Eureka Image:


I can hear the argument starting: “But the women were in command; that’s why they were front and center.” It’s not that. In Eureka, Dr. Allison Blake ran Global Dynamics, but the focus of the show was on the characters equally and their dynamics together. Stargate: SG-1, Captain Samantha Carter was a very independent woman and sure of herself, but she was also part of a team. Whereas, in a show like Buffy the Vampire Slayer, all the male characters were sidekicks, support staff, or love interests. I mean, Xander perfectly fits into the 1950s damsel in distress, and he routinely complains about the fact. Joss Whedon was smart enough to acknowledge this.

This trend doesn’t stop with with just Sci-Fi, many TV shows you would flick on have relegated the men to the role of “sidekick, support staff, or love interest.” The Good Wife, CSI: Cyber, Major Crimes, and, The Good Witch stick with this formula.

Let me clarify here. I’m not saying these kind of shows are bad or even the mix in them are bad, but it is the shear volume of them that is getting overwhelming. You are more likely to turn on a show and find a strong female lead and men in supportive role than you are to find a show with strong male leads and women in support roles.

Many even older shows have been changing. A few months ago, I wrote a bit for one of my Doctor Who reviews that my editor asked me to pull out and save for a longer article on the subject. The last season of Doctor Who was rather a disappointment to me. It wasn’t the acting or the Doctor. I adore Capaldi as the Doctor, but it was the stories. Many were just boring or fell short of actually being memorable, with a few rare exceptions such as Mummy on the Orient Express or Flatline.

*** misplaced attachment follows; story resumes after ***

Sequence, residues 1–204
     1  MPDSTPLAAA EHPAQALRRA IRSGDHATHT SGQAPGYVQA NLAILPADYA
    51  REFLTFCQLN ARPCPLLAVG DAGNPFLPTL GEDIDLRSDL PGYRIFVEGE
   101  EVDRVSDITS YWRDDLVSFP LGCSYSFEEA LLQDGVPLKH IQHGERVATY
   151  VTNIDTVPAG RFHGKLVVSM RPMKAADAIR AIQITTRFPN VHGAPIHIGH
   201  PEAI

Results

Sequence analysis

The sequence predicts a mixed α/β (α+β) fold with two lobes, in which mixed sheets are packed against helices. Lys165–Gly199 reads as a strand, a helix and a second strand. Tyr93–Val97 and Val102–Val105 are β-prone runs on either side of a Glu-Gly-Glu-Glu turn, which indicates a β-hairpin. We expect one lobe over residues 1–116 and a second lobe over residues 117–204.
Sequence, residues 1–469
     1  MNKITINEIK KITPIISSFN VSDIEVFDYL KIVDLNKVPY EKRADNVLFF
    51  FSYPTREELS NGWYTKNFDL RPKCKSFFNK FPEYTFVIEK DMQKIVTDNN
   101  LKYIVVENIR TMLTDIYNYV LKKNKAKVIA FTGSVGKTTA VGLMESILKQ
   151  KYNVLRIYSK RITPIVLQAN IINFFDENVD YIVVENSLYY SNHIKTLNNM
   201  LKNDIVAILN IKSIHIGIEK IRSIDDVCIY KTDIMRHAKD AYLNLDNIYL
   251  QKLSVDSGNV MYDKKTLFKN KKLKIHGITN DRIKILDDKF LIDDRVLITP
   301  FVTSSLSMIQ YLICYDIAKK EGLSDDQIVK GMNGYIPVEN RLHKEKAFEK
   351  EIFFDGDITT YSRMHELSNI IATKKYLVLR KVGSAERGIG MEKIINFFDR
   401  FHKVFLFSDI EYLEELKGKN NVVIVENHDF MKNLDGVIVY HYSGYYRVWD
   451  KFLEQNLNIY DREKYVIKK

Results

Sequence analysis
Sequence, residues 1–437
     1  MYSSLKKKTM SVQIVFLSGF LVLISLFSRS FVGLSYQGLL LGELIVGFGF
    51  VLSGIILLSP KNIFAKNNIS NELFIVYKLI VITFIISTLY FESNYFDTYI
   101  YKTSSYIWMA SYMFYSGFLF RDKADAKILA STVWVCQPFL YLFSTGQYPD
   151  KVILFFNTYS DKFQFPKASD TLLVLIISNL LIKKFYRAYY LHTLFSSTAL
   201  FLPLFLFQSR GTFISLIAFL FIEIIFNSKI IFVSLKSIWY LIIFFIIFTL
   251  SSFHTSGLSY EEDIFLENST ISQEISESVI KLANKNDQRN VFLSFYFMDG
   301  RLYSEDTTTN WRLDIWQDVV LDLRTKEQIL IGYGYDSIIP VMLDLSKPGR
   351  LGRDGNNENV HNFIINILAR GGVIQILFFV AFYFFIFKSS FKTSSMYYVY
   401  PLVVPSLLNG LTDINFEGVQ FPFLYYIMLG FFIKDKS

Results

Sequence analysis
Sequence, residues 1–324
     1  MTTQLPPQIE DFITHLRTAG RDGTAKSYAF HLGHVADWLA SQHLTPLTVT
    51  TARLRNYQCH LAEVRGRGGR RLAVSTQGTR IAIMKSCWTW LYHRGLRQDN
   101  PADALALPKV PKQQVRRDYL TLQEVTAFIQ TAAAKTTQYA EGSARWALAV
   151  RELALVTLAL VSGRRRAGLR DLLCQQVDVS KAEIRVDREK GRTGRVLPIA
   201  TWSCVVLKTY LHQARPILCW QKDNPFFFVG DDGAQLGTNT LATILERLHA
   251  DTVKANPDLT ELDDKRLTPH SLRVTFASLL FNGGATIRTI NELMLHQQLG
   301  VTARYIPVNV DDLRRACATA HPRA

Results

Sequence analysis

I wrote this after Kill the Moon aired:

The final thought is  about just how many female-centric episodes of Who has had lately. There are so many episodes that are decided by female companions and female characters in the time and places they land. Men have been relegated to the role of secondary characters or villains. Rory was one of the few strong male characters in Who, but he was secondary to Amy as the companion. Also, Danny Pink has such wonderful potential, but he is secondary to Clara. Strong male companions and strong male characters central to a story seem to be in the past in “new” Who, and that’s sad. There is so much potential that is being left untapped and ignored, but then much of TV in general has shifted that way of late. Strong female leads have become dominant, and male leads are put into supportive roles. It would be nice to see strong equal partners, but it seems that is being ignored for now.

So many shows are falling into this too. They’ve shifted into the 1950’s b-movie trope, except with a gender reversal.The cry for equality and diversity has actually came back again, only reversing the polarity of the neutron flow.  It leaves the viewer to wonder…Where have all the strong men gone?